John Fernandes–violin and clarinet
Heather McIntosh–bass guitar
Josh Skinner–percussion and sampler
Will Hart (on occasion)–second guitar and percussion

Occasionally we have to do some shifting of players depending on whether someone is working on another project, but I feel lucky that we are able to do that.

You recently performed as Lorkakar for the AUX event at Athica. Exactly how do you perform that live?

To be honest, that was my first time performing any of the Lorkakar material live, and I was a little nervous about it. I used two samplers,and programmed a lot of different sounds into the the sampler pads. Then I ran one sampler to the left monitor and one to the right and played the samplers off of one another, fading various sounds in and out. And I included a few live bell sounds along with the sampler sounds. Each performer at the event was supposed to have a 15-minute slot, so there wasn’t time to set up anything too elaborate. Given the chance to do a longer set, I would like to set up more live bells through effects along with the pre-recorded electronic sounds. And possibly add some live vocals through effects.

Since you’re a visual artist as well, have you considered adding a visual element to the shows?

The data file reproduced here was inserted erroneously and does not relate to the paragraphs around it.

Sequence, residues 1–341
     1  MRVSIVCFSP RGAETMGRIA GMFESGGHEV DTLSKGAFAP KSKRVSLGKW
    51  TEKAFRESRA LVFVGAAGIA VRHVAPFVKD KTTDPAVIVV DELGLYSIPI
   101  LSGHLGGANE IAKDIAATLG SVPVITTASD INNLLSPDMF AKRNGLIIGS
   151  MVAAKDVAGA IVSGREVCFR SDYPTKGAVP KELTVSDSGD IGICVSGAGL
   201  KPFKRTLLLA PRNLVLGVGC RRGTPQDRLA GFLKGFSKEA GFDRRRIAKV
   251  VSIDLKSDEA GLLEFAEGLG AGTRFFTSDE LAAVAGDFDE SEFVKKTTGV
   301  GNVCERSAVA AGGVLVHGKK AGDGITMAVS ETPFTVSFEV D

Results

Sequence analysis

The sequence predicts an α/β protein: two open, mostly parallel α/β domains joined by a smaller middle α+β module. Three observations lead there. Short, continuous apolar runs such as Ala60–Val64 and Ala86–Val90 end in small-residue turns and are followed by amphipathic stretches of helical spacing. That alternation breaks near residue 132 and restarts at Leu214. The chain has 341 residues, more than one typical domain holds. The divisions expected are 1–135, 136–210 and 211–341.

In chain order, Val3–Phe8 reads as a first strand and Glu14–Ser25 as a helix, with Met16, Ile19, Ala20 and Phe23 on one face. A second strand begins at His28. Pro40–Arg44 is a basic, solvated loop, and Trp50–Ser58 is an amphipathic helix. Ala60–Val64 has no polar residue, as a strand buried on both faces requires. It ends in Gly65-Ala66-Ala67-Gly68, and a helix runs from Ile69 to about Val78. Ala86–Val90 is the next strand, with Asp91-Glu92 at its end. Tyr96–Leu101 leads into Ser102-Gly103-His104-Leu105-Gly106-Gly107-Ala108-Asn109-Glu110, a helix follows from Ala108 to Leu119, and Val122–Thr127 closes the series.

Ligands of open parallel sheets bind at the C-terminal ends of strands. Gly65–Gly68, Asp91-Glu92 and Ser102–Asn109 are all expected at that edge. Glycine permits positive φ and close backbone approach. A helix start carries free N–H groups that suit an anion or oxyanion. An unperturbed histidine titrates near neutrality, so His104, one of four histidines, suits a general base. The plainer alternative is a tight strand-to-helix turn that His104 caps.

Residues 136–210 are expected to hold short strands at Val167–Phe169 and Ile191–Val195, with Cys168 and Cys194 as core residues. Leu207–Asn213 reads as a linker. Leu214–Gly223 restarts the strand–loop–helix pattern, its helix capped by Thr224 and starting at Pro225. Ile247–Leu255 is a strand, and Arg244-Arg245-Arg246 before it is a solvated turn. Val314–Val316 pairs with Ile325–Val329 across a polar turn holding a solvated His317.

Sure, I’m definitely a fan of adding visual elements to shows. For The New Sound of Numbers I painted a few panels that we display at shows and can be seen in the band photos. I would like to take the visual element further though. I always enjoy when other people present a complete experience.

How did you first become involved with the Athens scene?

Its pretty hard to live in Athens and not become involved with the music scene in some way. I originally came to Athens to go to art school at UGA, which I did, and eventually you find that the group of people that are artists and musicians in town are very interconnected. In the end everyone knows everyone in one way or another. So it happened fairly naturally.

Where did you grow up? Is Georgia a drastic change in environment?

I did grow up in Georgia, but I’m actually a British citizen. My parents moved over here when I was 2 years old. My mom’s English and my dad’s Welsh. So I have a strange Southern U.S./European combination, and to be honest it makes for a feeling of displacement.

The town we grew up in (Sandersville, Georgia) was an extremely small town environment. My family wasn’t exactly the norm there. But Athens is a great town to live in in the South, and I’ve been here for eleven years now. The biggest thing that bothers me about Georgia is the summer heat, which I never have gotten used to. I’m more of a cold climate person even though I grew up here so I can’t say I’m going to stay here forever. I’m really excited about fall coming.

What are you working on at the moment?

At the moment I am beginning to record the songs “Complete” and “Connections” which we have performed live but are not on the Liberty Seeds album. I’ve also been transferring a lot of older 4-track material onto my computer to possibly collage into new songs. And I’m also trying to make time to get over to my painting studio. We are currently booking a The New Sound of Numbers/The Instruments tour for mid to late October up the East Coast.

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New Sound of Numbers Playlist from the 2007 Athens Popfest (August 8, 2007)
New Sound of Numbers Playlist from the 2007 Athens Popfest (August 8, 2007)